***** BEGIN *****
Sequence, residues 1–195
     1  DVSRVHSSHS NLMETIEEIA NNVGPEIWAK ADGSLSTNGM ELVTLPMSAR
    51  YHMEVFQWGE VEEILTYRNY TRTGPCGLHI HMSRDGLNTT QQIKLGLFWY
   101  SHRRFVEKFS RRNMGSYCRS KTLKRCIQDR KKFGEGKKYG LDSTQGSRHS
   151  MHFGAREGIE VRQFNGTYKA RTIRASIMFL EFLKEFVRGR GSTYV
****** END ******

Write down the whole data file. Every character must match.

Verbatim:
Sequence, residues 1–195
     1  DVSRVHSSHS NLMETIEEIA NNVGPEIWAK ADGSLSTNGM ELVTLPMSAR
    51  YHMEVFQWGE VEEILTYRNY TRTGPCGLHI HMSRDGLNTT QQIKLGLFWY
   101  SHRRFVEKFS RRNMGSYCRS KTLKRCIQDR KKFGEGKKYG LDSTQGSRHS
   151  MHFGAREGIE VRQFNGTYKA RTIRASIMFL EFLKEFVRGR GSTYV